Similarly, advertising is not about a product or service, but rather about getting as many people as possible to consume. It is not the product which is sold but the sense of a lack in the potential consumer. A combination of a dream and a sense that it is as yet unfulfilled – and that consuming will consummate the new hope or dream. People focus on this rather than other types of activity which might be helpful for them, but which might disrupt the status quo. This is the heart of the second part of the problem, the symbol system.

As Andrew Boyd of the culture-jammer mime campaign “Billionaires for Bush (or Gore)” notes “advertising imagery is the ultimate stealth virus. It has long been post or pre rational, operating by subconscious association, by veiled promise and threat, by mobilizing our longings and our dream world. Rational critique can’t find a handle by which to challenge such a worldview.”

Though advertising can seem trivial, it is actually carrying inside it our most prized beliefs. Further, it is one of the main avenues of dissemination for these important cultural concepts. Some of the finest artists in the world work in it, and they receive a great deal of prestige and recognition for doing so. It is in some way similar to shamanistic practice in folk societies. Not that it is arcane or inscrutable but rather that it involves practitioners or technicians who must get at the heart of the collective dreams within a culture and then harness these. The sacred practitioners do it partly for their own ends, but also to move the culture forward in some ideal path they perceive as right, based on their reading of the dreams and traditions.

Fashion, too, can seem frivolous and inconsequential, yet when anthropologists study a culture, the clothes they wear, and the daily things they surround themselves with, tell a tremendous amount about who they are, how they live, what they care about, and how they see their place in the cosmos.

A lot of how we understand the world still comes from myths buried deep in our general culture’s understanding. Advertising works on these myths, within the subconscious symbol system. Brands are little different from Totems. Providing strength, coherence, a path or organizing principle – a community of the like minded. A special society or group, separate from the others, a definition of self.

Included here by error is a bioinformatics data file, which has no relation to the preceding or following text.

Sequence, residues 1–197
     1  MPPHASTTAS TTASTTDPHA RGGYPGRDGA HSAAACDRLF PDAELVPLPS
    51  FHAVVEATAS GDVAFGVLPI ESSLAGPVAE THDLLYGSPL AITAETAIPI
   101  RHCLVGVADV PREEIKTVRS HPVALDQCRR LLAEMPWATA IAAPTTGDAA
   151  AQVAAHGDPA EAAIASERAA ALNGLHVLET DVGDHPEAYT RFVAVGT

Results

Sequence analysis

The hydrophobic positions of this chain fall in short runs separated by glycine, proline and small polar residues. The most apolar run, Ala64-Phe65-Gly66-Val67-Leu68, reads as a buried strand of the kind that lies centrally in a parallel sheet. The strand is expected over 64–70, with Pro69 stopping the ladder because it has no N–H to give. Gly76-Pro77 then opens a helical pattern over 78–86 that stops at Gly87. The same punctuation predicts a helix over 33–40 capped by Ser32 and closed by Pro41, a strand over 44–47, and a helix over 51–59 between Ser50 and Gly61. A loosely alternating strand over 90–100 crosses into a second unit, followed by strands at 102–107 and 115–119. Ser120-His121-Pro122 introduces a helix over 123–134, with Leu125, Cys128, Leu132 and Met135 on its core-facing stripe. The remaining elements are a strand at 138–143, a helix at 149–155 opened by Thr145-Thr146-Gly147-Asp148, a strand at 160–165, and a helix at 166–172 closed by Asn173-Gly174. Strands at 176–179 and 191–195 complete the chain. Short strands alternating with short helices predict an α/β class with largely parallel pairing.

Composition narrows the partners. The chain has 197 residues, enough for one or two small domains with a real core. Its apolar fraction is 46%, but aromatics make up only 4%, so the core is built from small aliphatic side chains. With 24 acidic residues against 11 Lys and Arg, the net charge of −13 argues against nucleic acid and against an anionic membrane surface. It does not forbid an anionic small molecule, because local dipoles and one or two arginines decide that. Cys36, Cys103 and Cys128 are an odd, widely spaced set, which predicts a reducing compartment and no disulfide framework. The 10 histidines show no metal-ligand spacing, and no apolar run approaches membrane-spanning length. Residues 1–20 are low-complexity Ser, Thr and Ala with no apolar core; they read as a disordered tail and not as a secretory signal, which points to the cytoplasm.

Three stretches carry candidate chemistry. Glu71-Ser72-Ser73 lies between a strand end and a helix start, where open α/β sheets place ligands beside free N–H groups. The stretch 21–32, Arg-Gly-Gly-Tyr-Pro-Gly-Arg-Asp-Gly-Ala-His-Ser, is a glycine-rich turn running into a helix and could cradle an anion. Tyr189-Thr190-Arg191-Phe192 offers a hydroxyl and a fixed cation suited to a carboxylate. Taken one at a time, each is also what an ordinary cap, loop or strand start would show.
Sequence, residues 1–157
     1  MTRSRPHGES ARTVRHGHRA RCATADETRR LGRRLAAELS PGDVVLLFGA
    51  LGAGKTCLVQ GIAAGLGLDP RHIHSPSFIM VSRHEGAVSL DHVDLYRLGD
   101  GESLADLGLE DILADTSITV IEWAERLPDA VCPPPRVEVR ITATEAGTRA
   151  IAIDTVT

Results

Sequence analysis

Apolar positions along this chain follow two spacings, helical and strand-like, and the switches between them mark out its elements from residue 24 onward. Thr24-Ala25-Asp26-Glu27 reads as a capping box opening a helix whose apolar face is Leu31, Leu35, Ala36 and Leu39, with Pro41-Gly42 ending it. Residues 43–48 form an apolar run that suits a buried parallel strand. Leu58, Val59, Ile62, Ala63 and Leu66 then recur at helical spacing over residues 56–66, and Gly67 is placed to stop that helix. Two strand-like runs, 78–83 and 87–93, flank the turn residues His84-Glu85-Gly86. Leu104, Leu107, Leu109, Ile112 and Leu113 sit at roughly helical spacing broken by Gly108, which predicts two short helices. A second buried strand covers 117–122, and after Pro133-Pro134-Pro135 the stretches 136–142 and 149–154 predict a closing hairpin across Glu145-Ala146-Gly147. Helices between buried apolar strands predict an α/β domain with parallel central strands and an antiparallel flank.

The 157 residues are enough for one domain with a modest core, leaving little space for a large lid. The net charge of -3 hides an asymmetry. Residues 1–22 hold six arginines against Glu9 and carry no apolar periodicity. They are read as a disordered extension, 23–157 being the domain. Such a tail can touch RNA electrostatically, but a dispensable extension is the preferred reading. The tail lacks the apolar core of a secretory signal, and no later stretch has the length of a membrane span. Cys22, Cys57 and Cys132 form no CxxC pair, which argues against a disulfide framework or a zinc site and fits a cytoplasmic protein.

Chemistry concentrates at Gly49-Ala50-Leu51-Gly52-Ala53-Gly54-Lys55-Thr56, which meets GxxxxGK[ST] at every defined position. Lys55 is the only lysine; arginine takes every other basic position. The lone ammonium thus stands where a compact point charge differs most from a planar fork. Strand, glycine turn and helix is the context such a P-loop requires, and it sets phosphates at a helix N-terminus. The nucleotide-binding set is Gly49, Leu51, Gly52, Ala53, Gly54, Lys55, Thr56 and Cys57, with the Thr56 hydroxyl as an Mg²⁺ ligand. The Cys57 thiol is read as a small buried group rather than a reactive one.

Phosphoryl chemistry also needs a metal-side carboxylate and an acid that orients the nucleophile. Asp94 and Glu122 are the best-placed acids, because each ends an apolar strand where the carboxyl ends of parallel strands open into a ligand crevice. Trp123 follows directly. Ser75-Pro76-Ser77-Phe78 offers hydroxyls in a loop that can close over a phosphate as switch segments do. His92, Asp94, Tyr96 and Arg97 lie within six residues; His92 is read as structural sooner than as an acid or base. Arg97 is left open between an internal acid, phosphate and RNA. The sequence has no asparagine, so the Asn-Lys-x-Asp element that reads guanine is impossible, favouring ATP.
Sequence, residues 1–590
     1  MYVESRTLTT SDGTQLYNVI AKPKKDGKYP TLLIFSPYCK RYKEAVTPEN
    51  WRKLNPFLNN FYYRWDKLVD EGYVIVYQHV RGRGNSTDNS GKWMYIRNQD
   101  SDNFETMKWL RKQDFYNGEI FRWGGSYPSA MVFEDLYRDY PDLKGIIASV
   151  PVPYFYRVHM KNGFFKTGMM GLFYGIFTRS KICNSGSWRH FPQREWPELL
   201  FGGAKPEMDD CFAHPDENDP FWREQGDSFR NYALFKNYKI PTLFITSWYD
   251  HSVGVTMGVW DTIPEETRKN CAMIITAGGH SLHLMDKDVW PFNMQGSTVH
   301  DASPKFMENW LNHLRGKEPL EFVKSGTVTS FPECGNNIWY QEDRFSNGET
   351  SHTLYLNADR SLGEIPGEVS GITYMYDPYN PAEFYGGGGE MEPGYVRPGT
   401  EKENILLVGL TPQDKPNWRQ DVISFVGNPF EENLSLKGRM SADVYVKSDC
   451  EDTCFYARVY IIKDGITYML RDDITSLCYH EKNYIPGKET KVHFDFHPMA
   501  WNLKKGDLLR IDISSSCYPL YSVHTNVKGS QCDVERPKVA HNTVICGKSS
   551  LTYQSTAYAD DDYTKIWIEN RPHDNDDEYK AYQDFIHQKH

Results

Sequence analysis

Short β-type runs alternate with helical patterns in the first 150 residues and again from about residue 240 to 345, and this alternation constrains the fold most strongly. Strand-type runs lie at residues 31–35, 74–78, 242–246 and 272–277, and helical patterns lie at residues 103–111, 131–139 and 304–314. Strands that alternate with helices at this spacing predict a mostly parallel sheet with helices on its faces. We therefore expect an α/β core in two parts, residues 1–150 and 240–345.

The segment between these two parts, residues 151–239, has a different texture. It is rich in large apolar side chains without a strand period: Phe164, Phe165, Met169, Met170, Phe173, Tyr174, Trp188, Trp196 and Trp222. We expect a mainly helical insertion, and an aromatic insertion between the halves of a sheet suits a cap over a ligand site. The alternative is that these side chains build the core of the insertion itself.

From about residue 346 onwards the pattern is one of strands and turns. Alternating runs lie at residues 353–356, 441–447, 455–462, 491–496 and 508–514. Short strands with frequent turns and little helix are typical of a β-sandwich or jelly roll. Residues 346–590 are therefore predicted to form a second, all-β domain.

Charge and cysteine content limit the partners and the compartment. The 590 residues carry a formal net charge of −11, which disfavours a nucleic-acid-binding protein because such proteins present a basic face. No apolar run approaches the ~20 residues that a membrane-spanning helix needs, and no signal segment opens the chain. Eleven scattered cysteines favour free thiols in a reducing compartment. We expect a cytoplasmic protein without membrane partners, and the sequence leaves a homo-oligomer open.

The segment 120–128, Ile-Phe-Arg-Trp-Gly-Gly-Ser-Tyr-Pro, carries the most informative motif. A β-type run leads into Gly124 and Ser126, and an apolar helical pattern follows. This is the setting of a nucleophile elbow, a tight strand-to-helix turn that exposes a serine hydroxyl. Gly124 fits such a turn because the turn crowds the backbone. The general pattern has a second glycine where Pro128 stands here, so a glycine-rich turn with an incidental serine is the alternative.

I don’t think there can be an easy dismissal of advertising, despite its huge negative impact on creating a sustainable future, because its function is so central to our social structure and because it is working directly with our core cultural beliefs. The key is to acknowledge the beauty and at the same time critique the structure.

Rather than spoof a particular brand, “Fictive Advertising” is an attempt to make reference to a host of styles, reflecting the entire genre of advertising. The use of the sexy dresses is an allusion to couture and high end ready to wear. The architecture refers to the anomic landscapes and empty urban environments used to promote hip hop sportswear. The little boxes and multi-section layout come from interior design ad aesthetic, and the wire frame or spot illustration comes out of youth culture alt/skate punk lifestyle looks.

Economic exploitation around the globe causes hate at being oppressed. We are belatedly waking up to this obvious fact. Terror is not justifiable. Ever. Period. We as a culture are not to blame for terror. It is also a poor tactic in that it leads to more oppression. Yet the problem is that human suffering and human rights violations are coming back to haunt us, as normal people in exploited nations choose to support fanatics as the only way they see out of their own oppression. If they were actual participants in the largess of the global economic structure they wouldn’t want to destroy it, as they would be hurting themselves. Instead, we get the hard earned value of their labor, and they are left hopeless and desperate. Meanwhile, we are constantly encouraged to want to get more. All of this economic truth is also hiding behind ads.

Despite the concerted efforts of the World Bank and the WTO, I do not believe there is a Global Conspiracy of Western Corporate Industrialism to destroy the World nor of Advertisers to steal our minds. Rather there is an organic cultural process which we can ignore and allow to occur or which we can recognize, and attempt to alter. The first step in changing anything is to understand it. Like the Wizard of Oz, it may look big and shiny, all-powerful and inscrutable, but it is actually operating with basic processes, with gears and levers that we can grasp.

Kalle Lasn of the venerable ADBUSTERS notes “right now, corporations have the power. They beam their memes into our brains at the rate of a few thousand ads, brand logos and marketing thrusts per day.” and further “Every outburst of cognitive dissonance is useful, but to mount a serious challenge against corporate rule, we jammers must build our own meme factory. Because we have severely limited budgets, our strategies must be perfectly crafted to tear gaps in the glitter of the consumer spectacle.”